Communications between employees and in-house counsel

Do the protections for attorney-client communications extend to communications between employees and in-house counsel?

Communications between employees and in-house counsel do not fall under any special protection.

Communications between company counsel and ex-employees

To what degree do the protections for attorney-client communications extend to communications between counsel for the company and former employees?

Attorney-client communications are protected only when legal assistance is provided by an advocate, notwithstanding the status of the client. Advocates may not work as in-house counsel.

Who may waive protection

Who may waive the protections for attorney-client communications?

As a general rule, only a client can waive the protection for advocate-client communication.

Actions constituting waiver

What actions constitute waiver of the protections for attorney-client communications?

A written statement of a client constitutes waiver of the protections for advocate-client communications.

Accidental disclosure

Does accidental disclosure of attorney-client privileged materials waive the privilege?

No.

Sharing communications among employees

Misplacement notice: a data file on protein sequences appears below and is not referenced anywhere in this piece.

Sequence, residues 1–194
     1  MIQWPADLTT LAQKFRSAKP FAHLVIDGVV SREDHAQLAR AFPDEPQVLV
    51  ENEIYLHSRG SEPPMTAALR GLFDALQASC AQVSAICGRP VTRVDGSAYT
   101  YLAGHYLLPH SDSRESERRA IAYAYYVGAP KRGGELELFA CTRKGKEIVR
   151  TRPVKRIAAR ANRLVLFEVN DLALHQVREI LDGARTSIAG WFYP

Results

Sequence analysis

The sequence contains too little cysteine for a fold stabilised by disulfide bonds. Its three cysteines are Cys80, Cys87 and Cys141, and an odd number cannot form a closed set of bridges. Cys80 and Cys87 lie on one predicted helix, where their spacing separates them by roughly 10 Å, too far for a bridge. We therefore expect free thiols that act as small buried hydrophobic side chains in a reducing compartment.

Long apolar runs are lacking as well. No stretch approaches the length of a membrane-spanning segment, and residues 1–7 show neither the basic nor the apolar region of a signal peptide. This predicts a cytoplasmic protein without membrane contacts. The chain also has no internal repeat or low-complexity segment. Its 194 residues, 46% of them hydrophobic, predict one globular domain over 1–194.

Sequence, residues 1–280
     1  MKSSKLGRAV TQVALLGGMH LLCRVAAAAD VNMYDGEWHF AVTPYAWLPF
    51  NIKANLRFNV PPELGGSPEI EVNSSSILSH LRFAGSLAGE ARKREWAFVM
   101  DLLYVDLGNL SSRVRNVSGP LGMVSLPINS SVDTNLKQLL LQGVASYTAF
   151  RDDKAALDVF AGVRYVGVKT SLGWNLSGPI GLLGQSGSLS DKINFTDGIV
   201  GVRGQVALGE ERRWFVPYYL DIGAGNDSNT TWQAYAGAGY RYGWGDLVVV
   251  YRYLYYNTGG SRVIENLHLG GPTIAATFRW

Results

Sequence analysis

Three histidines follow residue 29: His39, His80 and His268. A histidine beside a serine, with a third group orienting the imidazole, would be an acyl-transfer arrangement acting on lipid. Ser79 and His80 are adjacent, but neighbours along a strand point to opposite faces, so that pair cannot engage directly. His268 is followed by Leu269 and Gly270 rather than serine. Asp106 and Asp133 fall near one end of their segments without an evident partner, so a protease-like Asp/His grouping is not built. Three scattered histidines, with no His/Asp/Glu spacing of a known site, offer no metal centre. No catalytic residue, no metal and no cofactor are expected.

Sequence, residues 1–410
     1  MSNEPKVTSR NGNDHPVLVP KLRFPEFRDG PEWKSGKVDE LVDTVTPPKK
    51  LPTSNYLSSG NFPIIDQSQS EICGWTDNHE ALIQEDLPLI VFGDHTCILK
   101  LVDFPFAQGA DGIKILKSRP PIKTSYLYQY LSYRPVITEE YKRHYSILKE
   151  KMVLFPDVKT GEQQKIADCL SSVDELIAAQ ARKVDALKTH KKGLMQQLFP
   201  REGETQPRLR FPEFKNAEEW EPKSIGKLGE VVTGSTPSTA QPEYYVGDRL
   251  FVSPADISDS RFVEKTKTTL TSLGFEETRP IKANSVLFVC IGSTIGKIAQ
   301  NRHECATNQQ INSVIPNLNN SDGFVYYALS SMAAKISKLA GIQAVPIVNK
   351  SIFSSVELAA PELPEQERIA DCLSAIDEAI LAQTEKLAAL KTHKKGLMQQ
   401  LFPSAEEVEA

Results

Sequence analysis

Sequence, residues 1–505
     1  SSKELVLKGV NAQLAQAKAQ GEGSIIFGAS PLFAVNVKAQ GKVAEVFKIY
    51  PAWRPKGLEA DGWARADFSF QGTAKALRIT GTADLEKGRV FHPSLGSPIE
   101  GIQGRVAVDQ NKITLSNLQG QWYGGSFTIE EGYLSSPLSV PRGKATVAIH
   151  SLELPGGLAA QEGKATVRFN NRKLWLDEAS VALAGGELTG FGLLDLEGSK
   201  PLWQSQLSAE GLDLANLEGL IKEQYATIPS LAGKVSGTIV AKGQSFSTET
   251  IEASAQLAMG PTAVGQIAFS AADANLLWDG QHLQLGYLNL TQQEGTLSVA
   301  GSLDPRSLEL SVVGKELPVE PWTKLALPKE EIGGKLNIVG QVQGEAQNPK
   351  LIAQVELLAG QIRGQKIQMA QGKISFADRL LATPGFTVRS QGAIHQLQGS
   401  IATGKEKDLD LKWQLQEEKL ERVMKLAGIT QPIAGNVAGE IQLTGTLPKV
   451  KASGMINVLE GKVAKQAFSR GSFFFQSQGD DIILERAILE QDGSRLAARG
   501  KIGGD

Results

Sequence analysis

Can attorney-client communications be shared among employees of an entity, without waiving the protections? How?

Clients have the right to share any confidential information with anyone of their choosing (eg, employees of an entity). The attorney-client privilege is not extended to such communications.

Exceptions

Describe your jurisdiction’s main exceptions to the protections for attorney-client communications.

Advocates should inform the state authorities of suspicions of money laundering or terrorism.

Litigation proceedings overriding the protection

Can the protections for attorney-client communications be overcome by any criminal or civil proceedings where waiver has not otherwise occurred?

Law gives no protection to advocate-client communications when legal services were rendered in the assistance of a crime. Advocates are also allowed to use information from a client to a reasonable extent in a civil dispute between him or her and the client, or when necessary to protect him or herself from criminal liability.

Recognition of foreign protections

In what circumstances are foreign protections for attorney-client communications recognised in your jurisdiction?

Russian rules on professional privilege apply within Russia. Russian laws do not recognise foreign protection for attorney-client communication. We have no experience of such a case.

Best practice to maintain protection

Describe the best practices in your jurisdiction that aim to ensure that protections for attorney-client communications are maintained.

Advocate secrecy and disclosure of advocate secrecy are controlled by the regional bar associations. In general, intentional, as well as accidental, breach of advocate secrecy is considered a very serious offence that may cause termination of the advocate’s status.